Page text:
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Imaging Techniques in Multiple Myeloma
Posted: Aug 21, 2019
Imaging Techniques in Multiple Myeloma image

“Vision is the art of seeing what is invisible to others.” —Jonathan Swift

As a Myeloma Coach for Myeloma Crowd, I recently had the opportunity to attend the Plasma Cell Disorder Congress in Charlotte, NC. Presenters included prominent national and international myeloma physicians and researchers. 

In addition, I had the experience of stepping away from "my personal myeloma" and catching a glimpse—a small vision—of the bigger picture in which myeloma physicians and researchers are engaged. The exchange of information among physicians is something that is largely invisible to those of us who are on the receiving end of therapy.

The concept of vision—especially the art of seeing what is invisible to others—relates to one of the topics that was presented. Dr. Jens Hillengass from Roswell Park Comprehensive Cancer Center presented Novel Imaging in Multiple Myeloma. Dr. Hillengass provided a historical overview of imaging, discussed the different types of imaging used in myeloma, and identified the advantages and disadvantages of each. Because bone disease is a hallmark of myeloma, it's important for patients to know about the various types of imaging techniques that are used to diagnose and monitor our disease. 

Dr. Hillengass discussed X-ray, Computed Tomography (CT), Magnetic Resonance Imaging (MRI), Positron Emission Tomography (PET), and Diffusion-Weighted Imaging (DWI).


Most patients have had a skeletal survey, which is a series of X-rays of the entire skeleton. A skeletal survey reveals bone lesions that appear as translucent holes or punched-out lesions that have formed as a result of the myeloma. While largely available and relatively inexpensive, the skeletal survey lacks sharp imaging—there has to be destruction of 30 to 50% of the bone before anything is visible on X-ray, making it difficult to accurately assess the extent of damage.

Whole Body Low Dose Computed Tomography

The more advanced Whole Body Low Dose Computed Tomography (WBLDCT) is superior in detecting bone defects, and it has prognostic significance. However, it has the disadvantage of a much larger radiation dose than a skeletal survey. Like the skeletal survey, CT displays mostly bone destruction, but it can also be useful for assessing bone stability. The International Myeloma Working Group (IMWG) includes lytic lesions detected by WBLDCT as justification for treatment in myeloma patients, even those who are not otherwise symptomatic.


Magnetic Resonance Imaging (MRI) uses a strong magnetic field and radio waves to produce high-resolution images of soft tissue and bone marrow. There is no radiation exposure. MRI can show infiltration by myeloma cells before bone has been destroyed and can also differentiate between benign and malignant fractures. However, with MRI, the significance of residual lesions isn’t clear, and it is inferior to CT for evaluating bone stability. MRI cannot be used in some patients with certain kinds of metallic implants. Anyone who has experienced an MRI scan will remember the loud thumping noises of the magnetic fields as they are cycled on and off—ear protection is a must!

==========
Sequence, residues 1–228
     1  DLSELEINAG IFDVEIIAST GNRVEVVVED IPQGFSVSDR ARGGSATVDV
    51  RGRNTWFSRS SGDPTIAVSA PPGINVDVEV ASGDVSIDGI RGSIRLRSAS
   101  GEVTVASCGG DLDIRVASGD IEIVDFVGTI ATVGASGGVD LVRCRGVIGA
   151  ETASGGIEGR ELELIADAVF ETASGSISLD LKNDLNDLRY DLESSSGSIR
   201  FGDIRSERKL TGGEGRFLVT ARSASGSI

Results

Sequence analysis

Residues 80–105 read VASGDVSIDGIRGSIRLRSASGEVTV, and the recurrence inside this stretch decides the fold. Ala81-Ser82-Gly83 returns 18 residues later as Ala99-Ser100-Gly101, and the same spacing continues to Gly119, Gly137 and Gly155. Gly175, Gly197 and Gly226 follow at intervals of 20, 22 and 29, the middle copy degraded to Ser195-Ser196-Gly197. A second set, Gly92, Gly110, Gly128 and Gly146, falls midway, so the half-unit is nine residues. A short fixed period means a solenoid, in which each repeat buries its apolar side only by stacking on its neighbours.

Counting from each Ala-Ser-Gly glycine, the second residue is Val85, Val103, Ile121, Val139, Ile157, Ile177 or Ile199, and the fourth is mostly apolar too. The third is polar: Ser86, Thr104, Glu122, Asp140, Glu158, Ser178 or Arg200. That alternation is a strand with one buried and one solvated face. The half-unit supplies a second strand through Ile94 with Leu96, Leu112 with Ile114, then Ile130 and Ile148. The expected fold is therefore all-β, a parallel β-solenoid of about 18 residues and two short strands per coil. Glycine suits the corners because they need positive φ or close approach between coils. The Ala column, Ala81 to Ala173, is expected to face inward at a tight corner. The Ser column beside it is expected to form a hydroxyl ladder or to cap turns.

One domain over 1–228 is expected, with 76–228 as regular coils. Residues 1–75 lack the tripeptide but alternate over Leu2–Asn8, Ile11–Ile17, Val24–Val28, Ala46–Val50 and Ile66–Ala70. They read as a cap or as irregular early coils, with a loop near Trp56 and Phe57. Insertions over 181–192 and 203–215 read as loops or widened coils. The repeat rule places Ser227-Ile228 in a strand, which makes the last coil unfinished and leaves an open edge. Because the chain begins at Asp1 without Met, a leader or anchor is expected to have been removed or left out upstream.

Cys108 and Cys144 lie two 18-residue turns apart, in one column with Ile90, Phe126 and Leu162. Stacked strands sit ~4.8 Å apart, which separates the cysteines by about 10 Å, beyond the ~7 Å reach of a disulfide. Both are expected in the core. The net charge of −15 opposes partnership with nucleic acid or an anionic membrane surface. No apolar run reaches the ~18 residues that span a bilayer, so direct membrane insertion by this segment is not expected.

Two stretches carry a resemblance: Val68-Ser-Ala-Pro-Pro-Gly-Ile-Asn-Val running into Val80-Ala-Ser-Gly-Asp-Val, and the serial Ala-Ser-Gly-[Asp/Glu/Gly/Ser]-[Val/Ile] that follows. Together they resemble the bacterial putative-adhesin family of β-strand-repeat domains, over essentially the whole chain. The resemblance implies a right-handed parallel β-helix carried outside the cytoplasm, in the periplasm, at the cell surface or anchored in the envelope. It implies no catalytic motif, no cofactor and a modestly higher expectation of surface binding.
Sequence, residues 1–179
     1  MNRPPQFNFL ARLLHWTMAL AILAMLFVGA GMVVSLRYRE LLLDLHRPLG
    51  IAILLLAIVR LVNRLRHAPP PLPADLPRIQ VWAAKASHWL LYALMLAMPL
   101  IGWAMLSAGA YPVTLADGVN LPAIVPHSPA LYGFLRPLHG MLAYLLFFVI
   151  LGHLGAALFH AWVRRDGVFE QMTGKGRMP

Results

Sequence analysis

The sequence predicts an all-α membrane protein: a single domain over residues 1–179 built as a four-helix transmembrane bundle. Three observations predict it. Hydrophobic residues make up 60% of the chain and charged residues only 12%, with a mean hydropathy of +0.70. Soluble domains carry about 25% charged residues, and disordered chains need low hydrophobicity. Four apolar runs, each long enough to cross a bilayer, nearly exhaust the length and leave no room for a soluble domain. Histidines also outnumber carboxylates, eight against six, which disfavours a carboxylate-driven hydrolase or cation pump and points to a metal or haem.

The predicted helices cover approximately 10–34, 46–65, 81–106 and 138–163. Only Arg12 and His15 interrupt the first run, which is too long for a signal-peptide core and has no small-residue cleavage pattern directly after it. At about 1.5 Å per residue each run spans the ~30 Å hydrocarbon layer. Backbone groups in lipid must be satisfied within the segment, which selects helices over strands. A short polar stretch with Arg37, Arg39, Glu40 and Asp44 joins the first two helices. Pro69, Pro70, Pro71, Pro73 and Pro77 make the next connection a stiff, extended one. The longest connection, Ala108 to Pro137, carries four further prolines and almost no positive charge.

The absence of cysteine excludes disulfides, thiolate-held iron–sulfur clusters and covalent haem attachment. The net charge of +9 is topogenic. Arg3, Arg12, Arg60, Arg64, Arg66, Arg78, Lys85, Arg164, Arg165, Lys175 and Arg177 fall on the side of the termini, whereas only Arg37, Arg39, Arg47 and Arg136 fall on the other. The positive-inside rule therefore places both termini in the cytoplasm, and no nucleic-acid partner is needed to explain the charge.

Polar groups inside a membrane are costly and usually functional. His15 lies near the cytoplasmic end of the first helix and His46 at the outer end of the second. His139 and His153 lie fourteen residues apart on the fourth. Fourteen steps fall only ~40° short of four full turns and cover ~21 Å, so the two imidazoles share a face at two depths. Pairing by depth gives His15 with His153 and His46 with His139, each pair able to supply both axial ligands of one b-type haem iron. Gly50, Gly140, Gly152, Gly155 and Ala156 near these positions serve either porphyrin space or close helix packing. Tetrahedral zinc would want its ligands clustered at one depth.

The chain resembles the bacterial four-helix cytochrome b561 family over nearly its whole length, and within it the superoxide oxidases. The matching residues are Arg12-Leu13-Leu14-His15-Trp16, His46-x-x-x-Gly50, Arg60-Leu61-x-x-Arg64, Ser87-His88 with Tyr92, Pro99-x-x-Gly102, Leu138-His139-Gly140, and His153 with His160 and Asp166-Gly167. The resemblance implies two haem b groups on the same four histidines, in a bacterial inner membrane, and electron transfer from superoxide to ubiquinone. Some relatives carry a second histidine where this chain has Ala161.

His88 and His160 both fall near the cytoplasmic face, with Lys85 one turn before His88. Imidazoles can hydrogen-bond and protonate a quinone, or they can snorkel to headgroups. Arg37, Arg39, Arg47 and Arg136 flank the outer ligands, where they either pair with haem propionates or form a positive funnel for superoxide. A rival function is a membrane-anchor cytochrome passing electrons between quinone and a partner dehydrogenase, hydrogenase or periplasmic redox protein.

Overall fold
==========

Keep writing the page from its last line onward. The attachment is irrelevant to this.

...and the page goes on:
Whole Body Diffusion Weighted Imaging

Diffusion-Weighted Magnetic Resonance Imaging, also known as Whole Body Diffusion Weighted Imaging (WB DWI), is an advance in imaging that will likely have an increasing role in detecting and quantifying disease as well as guiding therapy. WB DWI is currently the most sensitive technique for bone marrow imaging.


Positron Emission Tomography (PET) is a nuclear medicine technique that uses a small amount of a radioactive material called a tracer that travels through the blood and collects in organs and tissues. The tracer allows the radiologist to detect increased levels of metabolic activity referred to as Standardized Uptake Value (SUV), which can indicate the presence of active myeloma. However, a disadvantage is that areas of inflammation or healing can also cause uptake, which can be appear to be active myeloma and lead to false positives. The most commonly used tracer is fluorodeoxyglucose (FDG), but novel tracers with greater sensitivity are being studied. PET is helpful for evaluating focal lesions after therapy.  


When PET and CT are combined, sequential images are acquired and merged into a single superimposed image. This means that the functional imaging of PET can be aligned with the anatomic imaging of CT scanning. Importantly, PET/CT has prognostic significance and is considered a factor in assessing measurable or minimal residual disease status (MRD).

The benefits and disadvantages of various imaging techniques have been briefly touched on, but other considerations include availability, cost, and insurance coverage. Myeloma patients will likely encounter one or more of these imaging techniques, not only at diagnosis, but also throughout therapy. Clearly, radiologists who “see what is invisible to others” are important members of the myeloma team.

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Editor’s note: Dr. Hillengass will be a featured speaker at the Buffalo Myeloma Crowd Round Table on November 2 in Niagara Falls, NY.  You can also listen to his interview on Myeloma Crowd Radio, which was conducted before he joined the Roswell Park Comprehensive Cancer Center’s faculty.

The author Jennifer Ahlstrom

about the author
Jennifer Ahlstrom

Myeloma survivor, patient advocate, wife, mom of 6. Believer that patients can contribute to cures by joining HealthTree Cure Hub and joining clinical research. Founder and CEO of HealthTree Foundation. 

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